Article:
originally posted by: carewemust
a reply to: ColdWisdom

If you have income and/or assets, it would be smart of you to get at least catastrophic health insurance. At age 28, you're not likely to contract a serious disease, injuries happen without warning. (Sports, Drunk Drivers, etc.)


Catastrophic with an HSA was a smart policy for otherwise healthy individuals, even families, prior to Obamacare.


Once the Republicans get their act together and explain how an HSA plan/account will enable immediate lowering of a family's tax liability, along with boosting future retirement income, Americans will eat it up!

You're right.. in that they appreciated the HSA advantages before ObamaCare, but griped about the YUGE $5,000 deductible. The "Obamacare nightmare" makes $5,000 a bargain.



posted on Mar, 10 2017 @ 07:18 PM
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a reply to: ketsuko

I doubt that happens, that's a myth

Though in this system thousands die a year




Depending upon the study, we can derive that between 20,000 and 45,000 Americans die each year due to a lack of health insurance.

obamacarefacts.com...

You get Hep c and don't have insurance you cant pay for a thousand dollar a day medicine...you die

And many other diseases in the American system cost non insured peoples lives


edit on 10-3-2017 by Willtell because: (no reason given)



posted on Mar, 10 2017 @ 07:19 PM
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originally posted by: ketsuko
a reply to: Willtell

Single payer is all fun and games until you are the one left out of the loop because you get a condition that the deficiencies of single payer do not adequately address.

I'm sure you'd be all sanguine about accepting your impending doom or new lifetime of needless suffering because you're an outlier the system will not adequately address because it isn't efficient for it to do so, eh?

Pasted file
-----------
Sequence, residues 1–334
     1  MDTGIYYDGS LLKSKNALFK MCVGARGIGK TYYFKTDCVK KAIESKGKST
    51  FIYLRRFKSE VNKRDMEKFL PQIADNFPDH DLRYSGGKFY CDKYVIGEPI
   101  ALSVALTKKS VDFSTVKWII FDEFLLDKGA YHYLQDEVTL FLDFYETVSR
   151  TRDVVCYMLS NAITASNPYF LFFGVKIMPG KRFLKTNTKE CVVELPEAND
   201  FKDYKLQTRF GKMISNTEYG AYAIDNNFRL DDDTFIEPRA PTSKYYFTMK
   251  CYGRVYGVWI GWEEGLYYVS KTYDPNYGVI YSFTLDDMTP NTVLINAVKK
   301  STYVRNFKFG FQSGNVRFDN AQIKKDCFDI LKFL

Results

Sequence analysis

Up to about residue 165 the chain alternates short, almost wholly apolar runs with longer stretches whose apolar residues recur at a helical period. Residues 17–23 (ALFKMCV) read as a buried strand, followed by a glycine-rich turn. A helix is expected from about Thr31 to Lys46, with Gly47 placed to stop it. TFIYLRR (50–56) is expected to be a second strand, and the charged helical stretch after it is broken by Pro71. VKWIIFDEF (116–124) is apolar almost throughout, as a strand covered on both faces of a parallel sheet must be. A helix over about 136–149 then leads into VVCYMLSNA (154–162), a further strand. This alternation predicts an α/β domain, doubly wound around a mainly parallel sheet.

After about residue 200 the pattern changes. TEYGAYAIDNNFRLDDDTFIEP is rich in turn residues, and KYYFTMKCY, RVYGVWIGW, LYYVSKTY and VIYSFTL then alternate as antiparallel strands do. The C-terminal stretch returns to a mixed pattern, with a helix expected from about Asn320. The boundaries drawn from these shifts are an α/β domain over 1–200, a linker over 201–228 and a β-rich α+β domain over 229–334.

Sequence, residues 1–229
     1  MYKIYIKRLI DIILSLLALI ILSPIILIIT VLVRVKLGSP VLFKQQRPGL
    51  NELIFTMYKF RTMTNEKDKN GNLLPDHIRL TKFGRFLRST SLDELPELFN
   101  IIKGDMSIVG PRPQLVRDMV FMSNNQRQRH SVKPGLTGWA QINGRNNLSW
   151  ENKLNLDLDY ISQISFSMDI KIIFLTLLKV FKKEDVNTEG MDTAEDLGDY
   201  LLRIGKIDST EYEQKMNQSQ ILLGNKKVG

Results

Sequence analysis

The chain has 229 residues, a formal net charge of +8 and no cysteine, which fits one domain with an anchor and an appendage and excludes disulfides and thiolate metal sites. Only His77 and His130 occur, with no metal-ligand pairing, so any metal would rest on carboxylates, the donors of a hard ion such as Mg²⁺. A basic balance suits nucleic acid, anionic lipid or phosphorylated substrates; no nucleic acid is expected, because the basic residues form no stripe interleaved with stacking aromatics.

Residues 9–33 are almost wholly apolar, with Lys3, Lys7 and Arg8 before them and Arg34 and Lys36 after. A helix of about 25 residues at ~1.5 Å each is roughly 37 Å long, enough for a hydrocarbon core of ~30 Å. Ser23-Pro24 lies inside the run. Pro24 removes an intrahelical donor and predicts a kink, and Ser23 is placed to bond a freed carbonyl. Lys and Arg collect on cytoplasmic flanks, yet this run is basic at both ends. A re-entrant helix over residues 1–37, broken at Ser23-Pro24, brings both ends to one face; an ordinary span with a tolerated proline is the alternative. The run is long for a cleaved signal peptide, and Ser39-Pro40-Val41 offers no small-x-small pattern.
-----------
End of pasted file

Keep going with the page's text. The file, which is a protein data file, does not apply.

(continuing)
He likely is as he'll be going from no insurance to crap insurance, while the rest of us go from alright insurance to crap insurance.

It's same fundamentals of globalization, and why the weak and downtrodden (and their sympathizers) are for and the strong and powerful against.

I am so tired of these losers telling me anything. It's like a major leaguer taking hitting lesson from a little leaguer. They need to know their role and realize they likely can't afford their own healthcare in the first place for a dang good reason, and it's not because they are smarter and better decision makers than the rest of us.

#NotMyProblem



posted on Mar, 10 2017 @ 07:19 PM
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a reply to: carewemust

A $5,000 deductible for a catastrophic is not that big a deal compared to the types of bills you are likely to rack up using that policy.

But the kind of premium you had to pay for that kind of policy prior to Obamacare made the $5,000 deductible understandable and you were more likely to keep money in the bank to help you pay the bills. Under Obamacare, the premiums on such a policy were jacked sky high so that you were paying ridiculous premiums for what amounted to also paying all your health care out of pocket because the deductible was high enough you weren't touching your actual insurance bennies.

In a catastrophic + HSA plan, you put away close to the amount of the deductible if possible, ideally pay a low premium, and carry the high deductible catastrophic. Almost all of your regular health care will come from the HSA.



posted on Mar, 10 2017 @ 07:28 PM
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a reply to: ketsuko

Over the past 10 years, our firm has had several upper middle class Canadians obtain a "shell residence" here in Illinois, so they could get in the high-risk health insurance pool, and receive life-saving medical treatment needed, in a timely manner.



posted on Mar, 10 2017 @ 07:31 PM
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originally posted by: Willtell
a reply to: ketsuko

I doubt that doesn't happen,


Well I'm glad we agree on something then.


And it does happen. In the British Health Service, for example, it is determined which medications are considered most effective for a condition and if they aren't the newest and best or the one that happens to work for you, you are SOL. You better hope you are the one size that is fit by all.

Understand that every human being is a unique individual with a unique personal system and there is always the chance that preferred drug A may not work for you or might be one you react to. And if the health service doesn't authorize alternative drug C, then you won't have access to it.



posted on Mar, 10 2017 @ 07:33 PM
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I can almost guarantee those 15 million covered people were getting the health coverage FREE
they were not persons that had funds to buy policies...
NO--- they were likely poor folks that were never permitted to buy health ins policies t reasonable rates SO ~~ health coverage was not part of their lifestyle

before the hyper praised but hyper expensive 'obamacare' they were persons that relied on Charities or ER treatment that was paid-by-the-State...